12.27.2014 Sunrise in a Hadley Hayfield

Two mornings in a row!  I didn’t expect this and got out of the house late.  I would have loved to get back over to the Quabbin shore but time was a wastin’ so this is from a hayfield next to the Conte Refuge in Hadley.

I think I may have knelt in some of the honey wagon product while fishing around in my camera bag.  🙂

Hadley-Sunrise-122714-700WebI waited around for the sun to break the horizon, but the clouds obscured it and I didn’t make any images of that.  We did get some frost overnight which shows on the grass in the foreground.

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About Steve Gingold

I am a Nature Photographer with interests in all things related. Water, flowers, insects and fungi are my main interests but I am happy to photograph wildlife and landscapes and all other of Nature's subjects.
This entry was posted in Landscape, Nature Photography, Sunrise, Western Massachusetts and tagged , , , , , , , . Bookmark the permalink.

20 Responses to 12.27.2014 Sunrise in a Hadley Hayfield

  1. krikitarts says:

    What a wonderful sky! You were also very fortunate to be able to include the new frost. We had our second dusting of snow last night, otherwise it’s been brown and gray and dry here for weeks. This is a great way to start your day!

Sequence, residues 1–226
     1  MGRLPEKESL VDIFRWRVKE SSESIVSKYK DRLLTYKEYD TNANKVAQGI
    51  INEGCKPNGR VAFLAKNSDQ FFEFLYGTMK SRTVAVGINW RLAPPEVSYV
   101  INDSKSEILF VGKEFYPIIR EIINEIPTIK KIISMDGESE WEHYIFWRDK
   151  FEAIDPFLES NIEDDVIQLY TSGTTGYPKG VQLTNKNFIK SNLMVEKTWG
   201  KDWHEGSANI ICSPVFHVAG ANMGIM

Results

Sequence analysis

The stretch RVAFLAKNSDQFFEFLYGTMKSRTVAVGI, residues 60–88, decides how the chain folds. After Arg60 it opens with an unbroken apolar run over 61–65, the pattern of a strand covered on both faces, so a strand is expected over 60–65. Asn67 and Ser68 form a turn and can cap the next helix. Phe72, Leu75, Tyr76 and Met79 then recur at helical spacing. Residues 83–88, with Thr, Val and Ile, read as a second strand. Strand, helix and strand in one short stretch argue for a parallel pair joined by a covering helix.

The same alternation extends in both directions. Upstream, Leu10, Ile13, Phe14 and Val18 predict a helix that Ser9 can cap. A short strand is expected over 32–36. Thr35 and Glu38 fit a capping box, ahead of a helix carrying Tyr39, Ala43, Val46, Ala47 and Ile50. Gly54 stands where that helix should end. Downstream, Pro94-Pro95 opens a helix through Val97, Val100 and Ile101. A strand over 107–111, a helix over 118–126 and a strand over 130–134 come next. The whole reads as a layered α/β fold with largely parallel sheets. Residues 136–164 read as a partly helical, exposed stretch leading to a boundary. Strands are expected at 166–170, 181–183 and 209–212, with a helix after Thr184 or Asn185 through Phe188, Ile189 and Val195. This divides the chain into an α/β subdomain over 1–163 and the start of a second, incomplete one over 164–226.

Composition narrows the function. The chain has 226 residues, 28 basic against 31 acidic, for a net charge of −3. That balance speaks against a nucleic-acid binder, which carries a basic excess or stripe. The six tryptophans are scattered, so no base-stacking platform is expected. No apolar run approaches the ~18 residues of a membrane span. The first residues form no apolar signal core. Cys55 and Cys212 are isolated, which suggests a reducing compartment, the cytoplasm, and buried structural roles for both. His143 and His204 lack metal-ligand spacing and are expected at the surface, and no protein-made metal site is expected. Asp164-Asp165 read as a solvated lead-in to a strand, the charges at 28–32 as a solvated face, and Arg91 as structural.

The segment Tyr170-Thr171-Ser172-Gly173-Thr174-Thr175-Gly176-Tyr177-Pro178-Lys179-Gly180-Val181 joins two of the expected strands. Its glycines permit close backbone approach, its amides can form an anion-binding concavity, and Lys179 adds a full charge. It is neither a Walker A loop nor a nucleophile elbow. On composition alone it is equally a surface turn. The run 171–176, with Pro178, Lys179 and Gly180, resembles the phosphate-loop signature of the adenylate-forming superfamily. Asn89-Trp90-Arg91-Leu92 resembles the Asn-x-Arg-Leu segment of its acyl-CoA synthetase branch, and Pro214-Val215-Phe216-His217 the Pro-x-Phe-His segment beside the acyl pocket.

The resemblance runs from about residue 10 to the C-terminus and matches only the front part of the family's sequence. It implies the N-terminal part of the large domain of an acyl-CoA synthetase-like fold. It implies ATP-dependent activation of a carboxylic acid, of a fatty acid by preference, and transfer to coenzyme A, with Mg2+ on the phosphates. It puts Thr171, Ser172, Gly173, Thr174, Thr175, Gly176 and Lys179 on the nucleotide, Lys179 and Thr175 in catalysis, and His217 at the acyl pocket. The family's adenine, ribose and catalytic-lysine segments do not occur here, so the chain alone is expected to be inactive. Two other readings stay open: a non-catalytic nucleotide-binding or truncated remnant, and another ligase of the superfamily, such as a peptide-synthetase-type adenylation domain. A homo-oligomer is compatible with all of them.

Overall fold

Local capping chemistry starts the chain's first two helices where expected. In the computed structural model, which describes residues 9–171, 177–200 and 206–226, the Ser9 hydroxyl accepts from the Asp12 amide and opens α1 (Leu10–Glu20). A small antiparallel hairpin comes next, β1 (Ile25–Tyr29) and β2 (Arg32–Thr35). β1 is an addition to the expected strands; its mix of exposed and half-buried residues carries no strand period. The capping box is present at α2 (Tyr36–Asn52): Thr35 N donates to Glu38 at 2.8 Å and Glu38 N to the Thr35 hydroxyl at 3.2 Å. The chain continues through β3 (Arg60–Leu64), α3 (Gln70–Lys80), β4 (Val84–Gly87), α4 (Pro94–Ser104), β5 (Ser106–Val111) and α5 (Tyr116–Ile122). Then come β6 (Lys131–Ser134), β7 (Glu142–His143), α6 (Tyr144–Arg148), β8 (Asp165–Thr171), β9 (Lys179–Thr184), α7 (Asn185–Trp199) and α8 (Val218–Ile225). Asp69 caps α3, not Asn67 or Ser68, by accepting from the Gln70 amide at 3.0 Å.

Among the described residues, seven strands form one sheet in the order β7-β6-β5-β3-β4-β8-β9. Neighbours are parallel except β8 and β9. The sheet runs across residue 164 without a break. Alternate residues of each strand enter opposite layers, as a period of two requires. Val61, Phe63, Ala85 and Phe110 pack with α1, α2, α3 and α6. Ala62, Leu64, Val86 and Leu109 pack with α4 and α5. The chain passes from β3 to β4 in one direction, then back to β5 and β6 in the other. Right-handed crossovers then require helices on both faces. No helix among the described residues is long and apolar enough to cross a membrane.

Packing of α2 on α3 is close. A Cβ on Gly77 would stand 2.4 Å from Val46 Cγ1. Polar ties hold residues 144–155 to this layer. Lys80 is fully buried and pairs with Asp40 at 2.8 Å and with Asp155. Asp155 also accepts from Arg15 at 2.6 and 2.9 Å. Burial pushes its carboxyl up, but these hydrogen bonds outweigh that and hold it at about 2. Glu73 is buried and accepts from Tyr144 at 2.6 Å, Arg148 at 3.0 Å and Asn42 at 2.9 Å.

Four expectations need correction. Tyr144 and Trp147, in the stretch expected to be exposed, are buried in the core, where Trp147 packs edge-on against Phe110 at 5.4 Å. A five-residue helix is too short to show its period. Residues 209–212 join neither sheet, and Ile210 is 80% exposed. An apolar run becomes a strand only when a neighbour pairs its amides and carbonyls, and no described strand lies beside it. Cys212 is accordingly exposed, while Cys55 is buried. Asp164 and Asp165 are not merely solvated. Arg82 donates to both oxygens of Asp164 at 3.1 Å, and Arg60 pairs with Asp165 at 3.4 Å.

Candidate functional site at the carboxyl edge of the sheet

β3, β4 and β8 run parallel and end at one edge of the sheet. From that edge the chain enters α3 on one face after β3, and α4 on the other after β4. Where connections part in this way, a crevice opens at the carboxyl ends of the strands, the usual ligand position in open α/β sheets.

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  2. Yet another nice one … I’m convinced that Pennsylvania must be surrounded by some sort of positive-pressure shroud, keeping those beautiful colors from view here. Or, another way of looking at it is that your part of the world has a much higher particulate count in the air … allowing for such brilliant scattering … while the air we breath here in PA is much cleaner. Perhaps that last hypothesis simply represents a very large batch of sour-grapes. Spent the day doing chores and driving to a sheep-to-shawl practice … not a moment with the camera. D PS: When you have a minute .. might you provide a two-sentence distillation on what an PS upgrade versus purchase of the Nik collection from Google would do for me. I have come to the conclusion that although LR is pretty darn cool … it will not allow me to rise to the level of Gingold-greatness.

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    • That’s a very short step. Our air is not too bad….as long as the Midwest’s acid rain stays away.

      I have not used Lightroom yet, but from what I have read, it is a good starting point and often all that is necessary as Adobe continues to add capability. But there are some tasks that cannot be done there and migrating to Photoshop is required. By using the Nik filters in LR, you do have more opportunity for targeted adjustments. Adobe has a deal for now…it has lasted much longer than initially advertised…for a LR and PS bundle for $9.99 per month…supposedly forever if you sign up while it is offered. https://creative.adobe.com/plans/photography As long as you are current with your PS/LR payments you will get all future upgrades and updates as part of your rental. The big negative is that if you change your mind in the future, then you no longer have the PS software. Should you do this, I would recommend converting all files to Tiff so they can be read by other software.